Finders in the Field: Marsh Sandpiper, Frampton on Severn, Gloucestershire
28 - 30 Aug 2014
The week began with some interesting weather forecasts, easterlies with heavy rain and migration was well underway. By coincidence I was due to benefit from a four days off due to a run of working weekends. A conversation with Nige Warren at In Focus had me speculating on a certain graceful needle billed wader being 'next in line', it was a good date and weather system.
I went in to work at WWT Slimbridge on the 26th mentioning to Dave Paynter that it feels rare. I eagerly checked and balanced water levels and went through the birds on the scrapes, a good selection was present. All pumps and grids sorted so I went on to spend all day tractor mowing on the Dumbles, just another part of management for the thousands of wildfowl and waders that winter on site. It was clear that a fall of birds had happened, a flock of Ruff were with the Lapwing so stopping for a sandwich late afternoon I was pleased to see six Greenshank among the other fall waders on the Severn. It looked promising, I finished up late, as we left for home I mentioned 'that' hoped for wader again to Dave.
On Wednesday morning I went searching for migrants for a couple of hours and had a decent haul of passerines. I wandered along the path north of Splatt Bridge at Frampton on Severn spotting a small flock of Teal on the shallow flood. This temporary wetland was created by the recent super moon high tide surge. A party of 4 Ruff and 7 Greenshank with the duck were very notable for this location and added to a very enjoyable prolonged and above all relaxed birding walk, something which is not really possible whilst working.
The next day I was keen to go out again so I set off to Hock Ditch, a distant wader flock was forced into mobility to the highest mud due to the incoming tide. A variety of waders were out on the Severn, a juvenile Curlew Sandpiper was the first of the autumn for me, a few Common Terns, Whinchat and Redstart added to the tally. Five Pintail dropped out of sky and into the flooded field, I just had to check it again, I had thoughts of rare waders. I grew up rather obsessed with wildfowl but waders have really hooked me as a result I am into sifting through flocks of these varied birds.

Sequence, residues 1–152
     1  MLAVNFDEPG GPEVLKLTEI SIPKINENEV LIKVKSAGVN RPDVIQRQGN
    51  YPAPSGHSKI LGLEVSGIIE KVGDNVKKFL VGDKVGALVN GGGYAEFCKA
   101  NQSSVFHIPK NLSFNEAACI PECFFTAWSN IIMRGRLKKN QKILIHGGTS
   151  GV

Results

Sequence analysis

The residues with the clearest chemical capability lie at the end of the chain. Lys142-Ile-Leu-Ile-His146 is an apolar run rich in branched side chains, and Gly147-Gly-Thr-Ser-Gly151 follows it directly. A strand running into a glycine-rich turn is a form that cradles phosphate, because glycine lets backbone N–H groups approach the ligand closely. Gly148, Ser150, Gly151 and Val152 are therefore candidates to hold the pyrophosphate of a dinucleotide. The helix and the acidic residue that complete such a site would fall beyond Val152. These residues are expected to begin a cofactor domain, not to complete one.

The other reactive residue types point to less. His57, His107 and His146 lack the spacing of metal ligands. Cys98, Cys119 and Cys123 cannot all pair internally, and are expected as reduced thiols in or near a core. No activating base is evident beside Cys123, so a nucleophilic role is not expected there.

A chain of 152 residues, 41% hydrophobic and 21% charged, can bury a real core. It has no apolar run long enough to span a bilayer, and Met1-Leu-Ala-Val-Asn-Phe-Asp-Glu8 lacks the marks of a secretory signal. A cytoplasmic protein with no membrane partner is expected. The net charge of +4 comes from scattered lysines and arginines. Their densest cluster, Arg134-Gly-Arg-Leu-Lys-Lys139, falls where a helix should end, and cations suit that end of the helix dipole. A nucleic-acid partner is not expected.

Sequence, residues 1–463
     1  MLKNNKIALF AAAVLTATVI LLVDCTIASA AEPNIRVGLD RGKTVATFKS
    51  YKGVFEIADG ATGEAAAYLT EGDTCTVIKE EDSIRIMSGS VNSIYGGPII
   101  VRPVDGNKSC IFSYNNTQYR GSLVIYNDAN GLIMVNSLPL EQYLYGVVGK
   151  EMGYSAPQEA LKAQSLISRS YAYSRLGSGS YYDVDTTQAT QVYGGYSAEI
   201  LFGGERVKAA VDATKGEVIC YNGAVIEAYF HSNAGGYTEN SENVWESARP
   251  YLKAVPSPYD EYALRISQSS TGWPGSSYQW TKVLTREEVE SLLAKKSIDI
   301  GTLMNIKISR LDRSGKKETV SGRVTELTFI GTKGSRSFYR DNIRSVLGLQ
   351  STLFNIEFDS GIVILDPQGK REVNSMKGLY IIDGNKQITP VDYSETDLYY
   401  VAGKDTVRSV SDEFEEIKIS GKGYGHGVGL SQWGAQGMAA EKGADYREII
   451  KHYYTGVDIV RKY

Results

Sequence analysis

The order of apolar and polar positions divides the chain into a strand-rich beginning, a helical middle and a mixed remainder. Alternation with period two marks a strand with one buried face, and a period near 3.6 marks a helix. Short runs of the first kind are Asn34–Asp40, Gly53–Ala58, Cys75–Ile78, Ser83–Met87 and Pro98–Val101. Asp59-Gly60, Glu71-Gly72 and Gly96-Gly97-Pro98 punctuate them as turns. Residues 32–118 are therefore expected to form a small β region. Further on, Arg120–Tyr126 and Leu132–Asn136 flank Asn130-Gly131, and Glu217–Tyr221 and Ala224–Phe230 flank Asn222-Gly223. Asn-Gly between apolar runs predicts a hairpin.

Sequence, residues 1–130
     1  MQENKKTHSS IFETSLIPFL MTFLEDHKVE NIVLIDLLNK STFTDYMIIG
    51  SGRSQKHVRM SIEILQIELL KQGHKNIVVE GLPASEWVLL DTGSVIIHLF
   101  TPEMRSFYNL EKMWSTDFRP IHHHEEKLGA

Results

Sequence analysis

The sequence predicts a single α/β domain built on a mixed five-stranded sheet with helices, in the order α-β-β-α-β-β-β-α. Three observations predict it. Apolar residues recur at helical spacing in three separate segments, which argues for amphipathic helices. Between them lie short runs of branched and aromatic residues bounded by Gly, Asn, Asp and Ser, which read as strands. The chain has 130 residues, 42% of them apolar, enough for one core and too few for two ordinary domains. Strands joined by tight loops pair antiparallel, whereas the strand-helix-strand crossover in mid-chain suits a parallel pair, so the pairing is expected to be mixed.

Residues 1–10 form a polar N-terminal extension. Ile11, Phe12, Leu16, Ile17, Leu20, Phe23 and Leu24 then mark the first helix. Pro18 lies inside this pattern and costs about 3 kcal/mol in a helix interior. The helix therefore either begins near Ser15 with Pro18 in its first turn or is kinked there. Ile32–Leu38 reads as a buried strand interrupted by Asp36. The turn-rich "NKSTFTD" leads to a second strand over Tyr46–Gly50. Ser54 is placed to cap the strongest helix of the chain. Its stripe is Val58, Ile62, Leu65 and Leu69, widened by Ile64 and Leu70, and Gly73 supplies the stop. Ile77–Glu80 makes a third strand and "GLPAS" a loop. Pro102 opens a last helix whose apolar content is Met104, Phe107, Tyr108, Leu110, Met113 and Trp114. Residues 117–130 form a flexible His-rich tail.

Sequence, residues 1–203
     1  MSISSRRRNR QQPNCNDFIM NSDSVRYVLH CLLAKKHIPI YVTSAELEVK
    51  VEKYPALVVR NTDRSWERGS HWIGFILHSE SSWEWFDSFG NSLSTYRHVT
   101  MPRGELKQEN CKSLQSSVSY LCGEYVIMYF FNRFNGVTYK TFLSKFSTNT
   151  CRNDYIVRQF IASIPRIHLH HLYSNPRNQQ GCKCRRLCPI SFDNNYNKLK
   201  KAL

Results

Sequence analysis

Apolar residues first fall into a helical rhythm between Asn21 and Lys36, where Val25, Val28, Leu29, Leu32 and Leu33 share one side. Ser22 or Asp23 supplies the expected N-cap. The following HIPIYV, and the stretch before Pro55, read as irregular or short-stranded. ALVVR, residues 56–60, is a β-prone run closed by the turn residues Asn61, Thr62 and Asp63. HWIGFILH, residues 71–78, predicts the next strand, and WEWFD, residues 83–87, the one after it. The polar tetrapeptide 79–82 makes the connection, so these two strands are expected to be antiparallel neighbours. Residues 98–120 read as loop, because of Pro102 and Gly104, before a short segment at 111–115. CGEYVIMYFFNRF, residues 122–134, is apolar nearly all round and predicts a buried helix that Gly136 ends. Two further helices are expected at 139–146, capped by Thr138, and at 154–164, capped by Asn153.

A scan of the flood revealed an increase, more Greenshank and Ruff on every sweep of the scope. When I got to a tenth 'shank' it turned out to be a small, delicate and more elegant creature that made the Greenshanks look ungainly. 'Get in' , a Marsh Sandpiper was wading around among this mob of waders. This fine visitor was a juvenile, like so many young waders at this time of year nearly every feather was perfect. What a smashing bird, just what I had been hoping for. I spent a bit of time enjoying being in its company taking the time to study the plumage, when preening I noticed it had a slightly bent tip to the bill.
The Frampton Severn bird is only the second of have seen in England, the first being a spring adult I twitched with Rich Hearn at Earl's Barton GP in Northants many years ago. I have enjoyed watching this species many times abroad including memorable parties of spring breeding plumage adults in Greece and most recently in October 2013 when I was among the small numbers of wintering birds that feed in the high tide creeks and pools in and around the Coto Donana NP.
After taking in all I could on this bird I began ringing friends so they could pass on news then tweeted out details. It was flushed by raptors flying over a couple of times and made forays south over the adjacent reserve. This allowed me to see it in the WWT Slimbridge recording area which was a bonus. The bird flew down to the reserve on a few occasions and it may well have actually roosted there.
From all the messages I have received it is clear that a lot of people enjoyed this bird, especially me and all local/county birders. A first for the county is always nice but this wader was something a little bit special.